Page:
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Common name - Red shanks (Ball et al., 1942).
Geographic distribution - British Columbia to Manitoba (Canada), Oregon, Texas, Minnesota and lowa (Heifer,
1972). There are four major subspecies of Xanthippus corallipes. Their range differs somewhat. Size and color pattern is variable among them and
even within a subspecies. However, distinctive looking populations develop in different
habitats. The Colorado range differs for the four subspecies:
Xanthippus corallipes pantherinus—Great Plains of southern Colorado;
Xanthippus corallipes latefasciatus—Great Plains of north and central Colorado:
Xanthippus corallipes leprous—mountain foothills;
Xanthippus corallipes altivolus—foothills to timberline (Hebard, 1929).
Habitat - dry, sandy areas, clay or gravel (Criddle, 1933a).
Food habits - feeds on grasses, especially western wheatgrass, needleandthread, blue grama and sixweeks fescue. Western wheatgrass is a consistently preferred food of adults. It also has been observed feeding on sunsedge, cheatgrass brome, sand dropseed, needleandthread and smooth brome (Kumar et al., 1976; Ueckert and Hansen, 1971).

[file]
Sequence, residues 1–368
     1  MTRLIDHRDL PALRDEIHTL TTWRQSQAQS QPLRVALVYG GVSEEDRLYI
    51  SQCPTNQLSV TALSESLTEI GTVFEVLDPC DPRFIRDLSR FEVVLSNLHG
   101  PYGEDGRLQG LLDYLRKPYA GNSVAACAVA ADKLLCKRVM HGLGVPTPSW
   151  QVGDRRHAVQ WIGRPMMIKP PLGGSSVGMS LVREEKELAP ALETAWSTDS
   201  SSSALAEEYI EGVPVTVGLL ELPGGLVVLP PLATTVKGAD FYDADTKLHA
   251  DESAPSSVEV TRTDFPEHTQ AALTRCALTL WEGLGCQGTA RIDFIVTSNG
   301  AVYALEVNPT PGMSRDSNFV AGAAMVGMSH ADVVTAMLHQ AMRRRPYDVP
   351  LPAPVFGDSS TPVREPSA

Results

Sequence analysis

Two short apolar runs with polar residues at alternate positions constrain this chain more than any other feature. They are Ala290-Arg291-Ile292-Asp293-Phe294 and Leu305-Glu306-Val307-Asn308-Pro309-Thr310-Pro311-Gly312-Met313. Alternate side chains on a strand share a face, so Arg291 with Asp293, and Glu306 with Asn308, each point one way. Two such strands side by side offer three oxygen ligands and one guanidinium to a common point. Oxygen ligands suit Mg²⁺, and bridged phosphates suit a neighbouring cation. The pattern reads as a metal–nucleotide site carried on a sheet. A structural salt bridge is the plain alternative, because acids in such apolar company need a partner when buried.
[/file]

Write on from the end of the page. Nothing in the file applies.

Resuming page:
Eggs - 30 brown eggs are deposited in three or four columns in a pod. Average egg length, 6.1 mm; average diameter, 1.7 mm (Onsager and Mulkern, 1963).
Nymph - five instars (Scoggan and Brusven, 1972). Five instars (male), six instars (female) (Pickford, 1953).
Adult - medium to large size. General color is tan. Face is vertical, and vertex is rounded.
Antennae are slender. Head and pronotum are roughly textured. Dorsal posterior margin
of pronotum is a right angle. Tegmina have definite brown splotches. Wings are pink,
orange or yellow with a dark band near the middle, and the apex is clear. Outer face
of hind femora has definite brown splotches. Innerface of hind femora is red. Hind
tibiae are orange (Ball et al., 1942; Froeschner, 1954; Helfer, 1972).
Flight is loud (Criddle, 1933a.)
Oviposition - X. c. pantherinus deposits eggs in calcareous soil usually on hilltops and ridges (Isely, 1938).
Seasonal history - adults are found from early May to late July (Ueckert, 1971). The subspecies X. c. latefasciatus has a two-year life cycle, the first winter passing in the egg and the second winter as a late instar nymph (Banfill and Brusven, 1973; Hewiit and Barr, 1967).
Abundance and importance - X. corallipes is common and destructive on grasslands (Heifer, 1972).
X. corallipes fact sheet from the Field Guide to Common Western Grasshoppers
Previous Species: Tropidolophus formosus
Biology of Common Colorado Grasshoppers List
Biology of Common Colorado Grasshoppers
Grasshoppers of Colorado Contents